Elisabeth Hasselbeck complained last week during segment on a school that actually dared to teach its students about Islam, that,
A couple of years ago, the same high school fell under critique, by the way, for passing out a crossword puzzle to students that defined conservatism as “the political belief of preserving traditional moral values by restricting personal freedoms.
She was laughing by the time she finished saying this, as though in disbelief that anyone could suggest something so outrageous.
But it’s true.
Liberalism is about liberty. Conservatism is about defending the status quo, and, as Timothy Ferris writes in The Science of Liberty (2010), conservatives are “upholders of tradition.” As for liberalism, “Liberty means the observance of human rights and freedoms.”
No document in history is more dedicated to the idea of rights and freedoms than the United States Constitution. And to the idea that we all have these rights and freedoms.
Now granted, as Ferris points out, there are liberals and there are liberals – classical (“original”) liberals versus “leftists” – American liberalism that as often as not includes progressives, and they are not identical because, as Ferris points out, progressivism values equality over liberty, outcome over freedom of choice.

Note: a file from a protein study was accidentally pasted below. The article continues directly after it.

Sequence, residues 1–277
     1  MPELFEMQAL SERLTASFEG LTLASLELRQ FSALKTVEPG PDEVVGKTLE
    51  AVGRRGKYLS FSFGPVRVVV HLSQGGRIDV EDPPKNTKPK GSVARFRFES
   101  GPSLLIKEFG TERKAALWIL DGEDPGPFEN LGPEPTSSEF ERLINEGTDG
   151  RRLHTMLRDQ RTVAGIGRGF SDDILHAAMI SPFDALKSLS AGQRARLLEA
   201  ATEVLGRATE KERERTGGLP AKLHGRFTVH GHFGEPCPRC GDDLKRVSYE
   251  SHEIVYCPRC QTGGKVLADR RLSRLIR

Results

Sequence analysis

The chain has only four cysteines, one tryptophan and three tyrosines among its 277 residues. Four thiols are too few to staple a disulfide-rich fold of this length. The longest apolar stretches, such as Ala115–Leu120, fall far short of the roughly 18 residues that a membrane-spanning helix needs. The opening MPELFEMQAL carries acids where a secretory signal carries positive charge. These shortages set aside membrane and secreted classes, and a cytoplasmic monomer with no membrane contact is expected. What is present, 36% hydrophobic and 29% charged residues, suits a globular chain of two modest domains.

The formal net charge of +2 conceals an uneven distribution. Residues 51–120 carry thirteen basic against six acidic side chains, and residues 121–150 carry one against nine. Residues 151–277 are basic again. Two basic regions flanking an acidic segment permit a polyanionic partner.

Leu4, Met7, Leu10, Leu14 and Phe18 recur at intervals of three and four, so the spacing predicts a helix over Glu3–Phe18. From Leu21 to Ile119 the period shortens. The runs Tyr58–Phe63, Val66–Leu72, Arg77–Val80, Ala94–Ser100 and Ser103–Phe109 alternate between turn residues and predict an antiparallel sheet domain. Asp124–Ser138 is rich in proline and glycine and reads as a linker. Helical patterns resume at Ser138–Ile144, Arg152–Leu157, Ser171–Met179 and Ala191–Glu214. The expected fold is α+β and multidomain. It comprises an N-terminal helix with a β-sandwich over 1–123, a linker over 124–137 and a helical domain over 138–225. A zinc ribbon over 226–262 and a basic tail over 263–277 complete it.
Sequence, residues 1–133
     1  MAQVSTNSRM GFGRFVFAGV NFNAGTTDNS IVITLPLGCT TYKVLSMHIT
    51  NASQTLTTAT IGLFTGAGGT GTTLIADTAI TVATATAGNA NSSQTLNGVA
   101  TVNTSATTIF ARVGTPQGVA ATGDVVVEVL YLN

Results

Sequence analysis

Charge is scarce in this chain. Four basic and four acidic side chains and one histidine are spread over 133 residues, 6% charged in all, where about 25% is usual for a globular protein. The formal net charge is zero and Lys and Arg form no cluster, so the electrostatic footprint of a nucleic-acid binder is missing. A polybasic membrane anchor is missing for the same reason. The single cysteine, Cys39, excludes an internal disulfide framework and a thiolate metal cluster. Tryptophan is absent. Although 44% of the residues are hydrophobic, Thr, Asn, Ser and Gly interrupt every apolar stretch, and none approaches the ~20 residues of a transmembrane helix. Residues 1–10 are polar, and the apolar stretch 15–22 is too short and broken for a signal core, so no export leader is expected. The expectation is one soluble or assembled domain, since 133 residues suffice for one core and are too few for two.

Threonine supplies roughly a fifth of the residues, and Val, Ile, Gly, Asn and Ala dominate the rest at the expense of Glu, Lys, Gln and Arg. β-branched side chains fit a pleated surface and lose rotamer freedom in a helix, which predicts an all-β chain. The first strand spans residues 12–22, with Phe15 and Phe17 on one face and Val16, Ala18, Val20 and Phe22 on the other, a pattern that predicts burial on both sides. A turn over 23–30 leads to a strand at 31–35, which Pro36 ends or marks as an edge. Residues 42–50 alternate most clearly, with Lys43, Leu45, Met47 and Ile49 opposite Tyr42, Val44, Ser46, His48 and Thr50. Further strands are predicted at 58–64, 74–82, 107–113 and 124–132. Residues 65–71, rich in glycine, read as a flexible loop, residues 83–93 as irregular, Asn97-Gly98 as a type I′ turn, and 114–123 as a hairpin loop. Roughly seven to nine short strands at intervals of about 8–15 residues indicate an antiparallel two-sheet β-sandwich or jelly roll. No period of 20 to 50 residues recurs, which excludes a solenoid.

To define the two, Ferris provides examples of their accomplishments: for liberalism, “women’s suffrage and the thwarting of racial and sexual discrimination”) and for progressivism, “universal health care and state pension plans such as Social Security.” And of course, as with most things, the lines are blurred. Many of us are more or less liberal or progressive or conservative in different areas. The case of socially liberal conservatives is well known (today they are called RINOs).
But the truth is, most of us don’t think about whether or not wanting environmental regulations in the first place, and demanding they actually be enforced in the second, makes us liberal or progressive. We just want clean air and water for us and our children. Definitions are secondary – and often confusing. We just know that if we grant corporations the freedom to do what they want, they will make us serfs and poison our air, water, and food.
Conservatives are more than willing to help out with definitions by imposing their either/or paradigm. They are the ones who stand for freedom. Liberalism is a mental disorder, something better in theory than in practice. And indeed, they have controlled “freedom” discourse in this country for a long time, even while they themselves are freedom’s greatest enemies.
And look at how it has worked out: Religious Tyranny disguised as Religious Freedom laws. The right to persecute and to discriminate, to make some more equal than others, is somehow freedom: simply put, restricting freedom is somehow freedom, and granting more freedom is somehow tyranny.
If, in practice, the lines are often blurred, in theory, and by its very definition, liberalism is the antithesis of tyranny. And Ferris reminds us that, “Liberalism is inherently nonpartisan: it means freedom for all, or it means nothing for all.” We are all diminished when some among us are not free.
Examples are easy to find: freeing the slaves, giving blacks the same right to a political voice the rest of us possessed; granting women the right to vote, or to control their own biological functions; granting equal rights to atheists, or to gays and lesbians, or to people who are not Christian.